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A mainline dilemma

By John O’Connell

Capital Press

Growers in Idaho's Teton Valley are finding replacing worn irrigation mainlines can present challenges.

DRIGGS, Idaho — Stacy Lerwill’s failed steel mainline has forced him to experiment with dryland farming in a region where irrigation is regarded as a necessity. As a result, his malt barley yields dropped by as much as 90 percent.

Nine years ago, the Tetonia, Idaho, farmer replaced a worn, steel mainline system with plastic pipe, which doesn’t rust and saves power due to reduced friction. However, he lacked the resources to upgrade another steel mainline, which continued springing leaks for a few more years until pressure was insufficient for water to reach a 100-acre grain field.

Growers throughout Idaho’s Teton Valley share Lerwill’s dilemma. They have 50-year-old metal irrigation mainlines that leak and are no longer efficient, small acreages and scant resources for costly upgrades, and lenders regard buried pipes as poor collateral. Federal assistance is largely inaccessible, as the rules of conservation programs tend to rank other types of projects higher.

Officials with the USDA’s Natural Resources Conservation Service say elsewhere in Idaho and in parts of Washington and Oregon, farmers with old irrigation pipes face the same challenges, buying time with Band-aid solutions such as welding metal patches and filling pinholes with screws.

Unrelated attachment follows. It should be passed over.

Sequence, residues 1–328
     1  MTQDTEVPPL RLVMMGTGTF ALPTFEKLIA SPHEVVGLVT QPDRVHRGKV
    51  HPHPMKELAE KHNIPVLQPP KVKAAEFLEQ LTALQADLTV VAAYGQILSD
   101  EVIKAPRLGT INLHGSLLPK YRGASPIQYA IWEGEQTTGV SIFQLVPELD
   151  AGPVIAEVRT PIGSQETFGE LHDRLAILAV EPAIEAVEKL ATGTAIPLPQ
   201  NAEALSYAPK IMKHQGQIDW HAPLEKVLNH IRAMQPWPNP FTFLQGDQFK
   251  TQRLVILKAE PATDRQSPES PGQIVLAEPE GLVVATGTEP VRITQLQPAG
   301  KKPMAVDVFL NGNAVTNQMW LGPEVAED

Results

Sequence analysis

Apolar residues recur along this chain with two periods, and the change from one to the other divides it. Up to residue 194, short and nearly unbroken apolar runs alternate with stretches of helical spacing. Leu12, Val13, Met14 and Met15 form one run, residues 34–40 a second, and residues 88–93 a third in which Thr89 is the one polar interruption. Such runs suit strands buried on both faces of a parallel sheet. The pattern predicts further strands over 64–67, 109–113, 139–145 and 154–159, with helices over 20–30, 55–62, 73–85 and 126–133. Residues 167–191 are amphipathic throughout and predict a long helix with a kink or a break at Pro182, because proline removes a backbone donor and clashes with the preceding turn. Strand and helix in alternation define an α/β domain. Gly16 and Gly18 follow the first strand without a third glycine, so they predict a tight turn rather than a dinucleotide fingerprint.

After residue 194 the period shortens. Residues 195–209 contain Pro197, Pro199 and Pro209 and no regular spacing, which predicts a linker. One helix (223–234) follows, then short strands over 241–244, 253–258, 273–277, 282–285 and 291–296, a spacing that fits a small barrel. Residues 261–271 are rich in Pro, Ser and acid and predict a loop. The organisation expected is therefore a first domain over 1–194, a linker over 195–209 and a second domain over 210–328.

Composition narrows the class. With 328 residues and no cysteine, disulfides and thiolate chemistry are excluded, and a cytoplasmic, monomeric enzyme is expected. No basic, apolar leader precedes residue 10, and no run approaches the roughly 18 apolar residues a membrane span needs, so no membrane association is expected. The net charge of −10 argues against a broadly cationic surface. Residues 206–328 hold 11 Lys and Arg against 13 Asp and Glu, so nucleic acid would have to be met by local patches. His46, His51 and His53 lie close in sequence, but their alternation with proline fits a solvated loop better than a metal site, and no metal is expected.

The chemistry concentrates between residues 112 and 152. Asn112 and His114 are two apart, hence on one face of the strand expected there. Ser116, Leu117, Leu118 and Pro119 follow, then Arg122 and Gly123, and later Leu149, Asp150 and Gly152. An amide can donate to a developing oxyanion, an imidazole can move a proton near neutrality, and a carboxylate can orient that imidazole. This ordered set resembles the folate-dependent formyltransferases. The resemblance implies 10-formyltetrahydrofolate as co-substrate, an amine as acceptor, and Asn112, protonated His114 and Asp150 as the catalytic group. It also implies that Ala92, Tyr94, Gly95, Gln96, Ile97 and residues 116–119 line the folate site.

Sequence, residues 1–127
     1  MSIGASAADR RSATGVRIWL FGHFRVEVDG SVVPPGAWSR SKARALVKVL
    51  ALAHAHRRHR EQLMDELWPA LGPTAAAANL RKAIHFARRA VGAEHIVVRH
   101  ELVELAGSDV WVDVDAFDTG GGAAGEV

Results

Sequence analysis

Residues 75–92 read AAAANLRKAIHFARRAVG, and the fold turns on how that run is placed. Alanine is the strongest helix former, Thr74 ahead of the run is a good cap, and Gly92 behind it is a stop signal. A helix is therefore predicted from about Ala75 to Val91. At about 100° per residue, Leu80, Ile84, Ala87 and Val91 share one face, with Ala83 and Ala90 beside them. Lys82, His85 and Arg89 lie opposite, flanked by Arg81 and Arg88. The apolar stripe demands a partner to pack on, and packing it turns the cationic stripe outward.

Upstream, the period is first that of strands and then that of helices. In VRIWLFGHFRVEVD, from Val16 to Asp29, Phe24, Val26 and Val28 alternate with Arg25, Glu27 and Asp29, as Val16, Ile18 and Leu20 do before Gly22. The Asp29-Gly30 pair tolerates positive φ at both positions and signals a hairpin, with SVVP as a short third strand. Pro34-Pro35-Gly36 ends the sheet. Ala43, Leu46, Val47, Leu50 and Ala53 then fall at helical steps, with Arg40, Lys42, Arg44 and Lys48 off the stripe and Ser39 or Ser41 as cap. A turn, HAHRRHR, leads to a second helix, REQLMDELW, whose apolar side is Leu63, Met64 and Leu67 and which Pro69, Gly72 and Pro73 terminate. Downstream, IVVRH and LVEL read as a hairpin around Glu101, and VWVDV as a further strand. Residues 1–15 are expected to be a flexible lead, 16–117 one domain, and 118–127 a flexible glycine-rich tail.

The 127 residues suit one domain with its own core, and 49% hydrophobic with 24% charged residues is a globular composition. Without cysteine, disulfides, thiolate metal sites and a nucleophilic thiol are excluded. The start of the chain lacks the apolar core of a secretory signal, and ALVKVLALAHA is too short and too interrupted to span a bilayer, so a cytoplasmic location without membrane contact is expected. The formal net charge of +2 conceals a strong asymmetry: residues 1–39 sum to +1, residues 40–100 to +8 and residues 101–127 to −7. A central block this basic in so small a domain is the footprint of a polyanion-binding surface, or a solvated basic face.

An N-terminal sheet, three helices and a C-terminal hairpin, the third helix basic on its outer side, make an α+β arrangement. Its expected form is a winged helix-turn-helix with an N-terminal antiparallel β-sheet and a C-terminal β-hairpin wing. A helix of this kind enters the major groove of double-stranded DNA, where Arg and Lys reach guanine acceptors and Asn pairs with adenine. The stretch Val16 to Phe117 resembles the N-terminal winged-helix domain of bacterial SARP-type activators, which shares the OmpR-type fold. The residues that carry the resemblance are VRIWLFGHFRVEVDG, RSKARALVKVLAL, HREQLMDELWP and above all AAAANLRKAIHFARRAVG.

Without irrigation, Lerwill has been averaging 10 bushels of malt barley per acre, compared with 75-100 bushels on his irrigated land.

“I was going to replace a little bit every year, but I haven’t had the time for the last two years,” Lerwill said, predicting it will take him three years to finish the project piecemeal. “As far as having valuable agricultural ground, without water it’s not.”

University of Idaho Extension irrigation specialist Howard Neibling has seen leaking metal mainlines throughout the state, including several cases in Minidoka County. When laid in proper bedding at a uniform grade, Neibling said modern plastic pipes have a long lifespan. Some of the metal pipes that remain in use now, however, resemble pin cushions, he said.

“As our water supply gets more scarce, we can’t afford the leaks we have in some of those systems,” Neibling said. “It’s not one of those (issues) that historically has caught the imagination of the funding sources, and now I think we need some programs to address this issue.”


‘You can stick your finger through it’


About a decade ago, Todd Dustin, who farms 500 acres west of Victor, Idaho, replaced a half-mile portion of a mainline installed in the early 1960s with high-density polyethylene.

Though he dug the trench himself, he still spent $30,000 on the replacement, and he believes costs have tripled since then.

“You can stick your finger through some of it,” Dustin said. “Probably, it would break every one of us to replace that stuff. It’s too much cost up front. We’re all small and don’t have thousands and thousands of acres.”

Jeff Hastings, who farms in the Driggs area, manages a pipeline association serving 1,200 acres. 

His gravity-fed mainline, installed in 1960, has been retrofitted with valves so only individual branches are affected when new leaks surface on nearly a weekly basis and must be plugged.

“Sometimes you lose four or five days of watering by the time you get it drained,” Hastings said. “Some of (the pipe) is good, and some of it you can put your finger through.”